Piloting an intervention to provide tailored feedback on health behaviors to adolescents in pediatric primary care
Background: The pediatrician’s office frequently provides the first opportunity for behavioral health intervention. However, pediatricians are limited in time, tools, and training to assess and treat behavioral health problems. Even a brief intervention Motivational Interviewing intervention more than doubles the length of a physical exam appointment. Studies investigating the usefulness of technology to assist with behavioral health interventions in pediatric primary care are limited, but one study found that technology was a feasible approach for use in pediatric primary care (Harris et. al., 2012). That study assessed for alcohol with computer technology and provided the findings to the attending physicians who then delivered the MI intervention (Harris et. al., 2012). A next step approach would be to include a computerized intervention. One such computer intervention is by delivering electronic feedback messages targeting a specific behavior, such as smoking. Additionally, tailored feedback interventions based on unique characteristics of an individual have been demonstrated to be more successful than generic informational feedback (Kreuter, 1999; Noar, 2007). Another innovative approach to creating feedback is may be to take a harm reduction approach with adolescents to encourage an increase in healthy behaviors rather than solely focus on discouraging risk behaviors (Mauriello, 2010; Velicer, 2013). Furthermore, tailored feedback messages are more successful when supported by an underlying theory of behavior change. For example, The Transtheoretical Model (TTM), which is based on the decision making of an individual for intentional change, identifies change as a process involving progress through a series of stages primarily seen as related to Decisional Balance and Self-efficacy. In sum, the best evidence tells us that a theory-based tailored feedback intervention using computer technology evokes successful behavior change in a manner that is feasible for in primary care (Noar, 2007). To date, no one study has completely integrated behavioral assessment with a feedback intervention based on the TTM in a pediatric primary care setting. The primary aim of this project was to use a step-by-step approach to Program Evaluation to develop, pilot, and test the feasibility of a computerized assessment of behaviors followed by brief stage-tailored feedback promoting health behaviors to patients and physicians in a pediatric primary care setting. (Abstract shortened by ProQuest.)^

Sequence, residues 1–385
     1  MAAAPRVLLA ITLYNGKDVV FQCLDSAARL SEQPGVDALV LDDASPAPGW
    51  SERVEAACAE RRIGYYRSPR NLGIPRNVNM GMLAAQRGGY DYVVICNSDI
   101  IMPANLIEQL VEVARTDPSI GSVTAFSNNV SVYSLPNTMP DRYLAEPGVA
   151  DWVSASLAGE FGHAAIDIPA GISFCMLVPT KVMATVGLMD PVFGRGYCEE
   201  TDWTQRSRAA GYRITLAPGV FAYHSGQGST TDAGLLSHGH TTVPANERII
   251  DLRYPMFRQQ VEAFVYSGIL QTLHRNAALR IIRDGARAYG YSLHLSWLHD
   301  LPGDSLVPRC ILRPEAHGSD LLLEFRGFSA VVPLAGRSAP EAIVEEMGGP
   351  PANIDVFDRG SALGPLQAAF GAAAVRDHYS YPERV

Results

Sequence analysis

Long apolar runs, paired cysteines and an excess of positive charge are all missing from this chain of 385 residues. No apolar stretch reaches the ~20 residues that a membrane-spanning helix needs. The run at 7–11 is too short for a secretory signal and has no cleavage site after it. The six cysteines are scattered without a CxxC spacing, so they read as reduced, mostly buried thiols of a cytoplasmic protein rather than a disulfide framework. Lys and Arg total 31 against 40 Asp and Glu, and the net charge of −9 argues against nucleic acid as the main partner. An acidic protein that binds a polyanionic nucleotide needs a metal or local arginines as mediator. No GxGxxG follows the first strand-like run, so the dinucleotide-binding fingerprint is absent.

Mental health|Medicine|Developmental psychology
Amy Adolfo Signore,
"Piloting an intervention to provide tailored feedback on health behaviors to adolescents in pediatric primary care"
Dissertations and Master's Theses (Campus Access).